Explore the national parks and reserves of Mauritius
The parks and reserves of Mauritius protect a wonderful heritage and natural biodiversity that many visitors may not be expecting.
Beauty, nature, biodiversity, conservation
Exploring these natural, biodiverse spaces showcases Mauritius in a different light, it’s more than just beaches, cocktails, sunsets and warm ocean waters.
Black River Gorges National Park
Black River Gorges National Park is perhaps the most well known of the parks and reserves. It boasts a varied network of trails catering to both gentle strollers and experienced hikers alike. Take to the park under your own steam, routes are well sign posted. Better still, get the best from your hike by taking along a local guide who will know the best view points, how far it is from A to B in terms of actual hiking time rather than distance on a map – it’s well worth it. Hike through huge tracts of native Mauritian forest, enjoy a well earned break overlooking an idyllic ocean bay or sit mesmerised at the foot of a waterfall as the water cascades down the rock face.
Bras d’Eau National Park
Located in the north east of the island, somewhat off the beaten track, is Bras d’Eau National Park with its well signposted hiking and mountain biking trails. This park is less visited than Black River Gorges, though its beauty is undeniable. Thick forests provide a home to the Mascarene Paradise Flycatcher, it’s the only place in Mauritius where you are likely to hear their birdsong. Within the park are the ruins of an old sugar mill, though the springs, lakes and forested areas are far more attractive to nature lovers. The Coq de Bois Loop trail is the park’s only signposted trail. It takes you along a forest track, passing several inland lakes. It’s a shady gentle trail of just over 5km with little or no elevation.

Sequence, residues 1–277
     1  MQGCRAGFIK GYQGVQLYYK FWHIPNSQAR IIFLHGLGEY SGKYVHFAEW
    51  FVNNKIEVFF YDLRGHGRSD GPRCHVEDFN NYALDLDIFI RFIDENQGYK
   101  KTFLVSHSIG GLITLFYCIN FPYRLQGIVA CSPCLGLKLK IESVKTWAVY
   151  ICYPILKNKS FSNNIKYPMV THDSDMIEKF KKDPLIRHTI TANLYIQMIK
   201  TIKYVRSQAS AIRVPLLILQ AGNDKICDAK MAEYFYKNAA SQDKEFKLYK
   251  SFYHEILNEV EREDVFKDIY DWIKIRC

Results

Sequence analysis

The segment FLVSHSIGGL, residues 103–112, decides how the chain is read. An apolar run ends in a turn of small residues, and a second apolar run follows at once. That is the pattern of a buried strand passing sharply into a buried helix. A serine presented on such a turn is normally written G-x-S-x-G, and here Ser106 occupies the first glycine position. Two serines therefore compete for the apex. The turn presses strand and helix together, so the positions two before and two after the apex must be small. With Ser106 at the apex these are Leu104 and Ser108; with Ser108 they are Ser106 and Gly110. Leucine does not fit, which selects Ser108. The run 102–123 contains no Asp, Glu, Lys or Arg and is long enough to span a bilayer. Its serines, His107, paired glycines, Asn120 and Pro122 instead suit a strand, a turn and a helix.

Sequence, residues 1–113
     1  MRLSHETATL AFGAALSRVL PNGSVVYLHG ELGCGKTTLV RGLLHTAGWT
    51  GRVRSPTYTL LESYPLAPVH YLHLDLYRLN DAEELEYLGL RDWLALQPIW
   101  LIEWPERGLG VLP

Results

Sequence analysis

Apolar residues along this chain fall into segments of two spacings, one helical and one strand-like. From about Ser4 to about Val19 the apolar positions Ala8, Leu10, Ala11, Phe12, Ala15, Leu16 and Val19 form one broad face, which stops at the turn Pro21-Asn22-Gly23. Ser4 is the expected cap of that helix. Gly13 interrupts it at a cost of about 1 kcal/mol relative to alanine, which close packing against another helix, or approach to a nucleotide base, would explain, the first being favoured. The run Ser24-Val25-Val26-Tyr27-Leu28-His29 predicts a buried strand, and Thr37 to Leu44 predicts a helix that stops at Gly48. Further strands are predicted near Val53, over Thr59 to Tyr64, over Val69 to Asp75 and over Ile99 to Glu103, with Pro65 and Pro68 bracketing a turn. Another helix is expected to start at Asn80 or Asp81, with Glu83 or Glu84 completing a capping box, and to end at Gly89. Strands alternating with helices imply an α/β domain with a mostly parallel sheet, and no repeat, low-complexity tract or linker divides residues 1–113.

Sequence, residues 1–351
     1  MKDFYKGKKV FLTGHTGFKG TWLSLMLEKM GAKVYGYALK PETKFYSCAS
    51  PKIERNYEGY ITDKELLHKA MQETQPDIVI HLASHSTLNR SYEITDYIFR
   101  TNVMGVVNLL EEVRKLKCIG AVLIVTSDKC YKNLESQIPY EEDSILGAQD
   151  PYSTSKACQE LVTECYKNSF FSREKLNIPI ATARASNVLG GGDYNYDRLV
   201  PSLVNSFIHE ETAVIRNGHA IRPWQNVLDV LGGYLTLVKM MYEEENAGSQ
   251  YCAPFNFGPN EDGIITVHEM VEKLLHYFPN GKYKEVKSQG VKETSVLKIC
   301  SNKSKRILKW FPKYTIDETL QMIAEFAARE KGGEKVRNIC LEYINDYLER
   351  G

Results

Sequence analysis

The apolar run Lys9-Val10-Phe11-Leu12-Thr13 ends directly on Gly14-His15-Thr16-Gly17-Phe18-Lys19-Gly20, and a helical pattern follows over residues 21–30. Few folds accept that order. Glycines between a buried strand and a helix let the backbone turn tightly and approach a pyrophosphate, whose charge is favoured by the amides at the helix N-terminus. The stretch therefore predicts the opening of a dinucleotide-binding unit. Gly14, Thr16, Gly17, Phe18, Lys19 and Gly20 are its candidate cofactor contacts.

Rivulet Terre Rouge Estuary Bird Sanctuary
Bird fanatics could be interested in the Rivulet Terre Rouge Estuary Bird Sanctuary near Port Louis. Each year this becomes home to migratory birds seeking shelter from harsh weather elsewhere. The estuary is visited by about 14 migratory species each year as they seek the warmer conditions for feeding and moulting, preparing themselves for their return journey and the breeding season that lies ahead. The best time to visit is from October to March at low tide. (Do be aware that due to the proximity to busy Port Louis a certain amount of rubbish and debris does get washed up on the shores and whilst efforts are made to regularly remove this, it is a problem.)
Gerald Durrell Endemic Wildlife Sanctuary
Though not open to the public the Gerald Durrell Endemic Wildlife Sanctuary is still worth a mention. The sanctuary takes its name from the well known conservationist who played an important role in conserving biodiversity in Mauritius. The sanctuary is housed in an area of dense forest in the Black River Gorge region. The National Parks and Conservation Service work together with the Mauritian Wildlife Foundation to conserve rare and endangered species such as the Mauritius kestrel. This beautiful bird was once one of the rarest on the planet with just 4 individuals left in the wild and now boasts a population of approximately 240 on the island, a success story, we’re sure you will agree.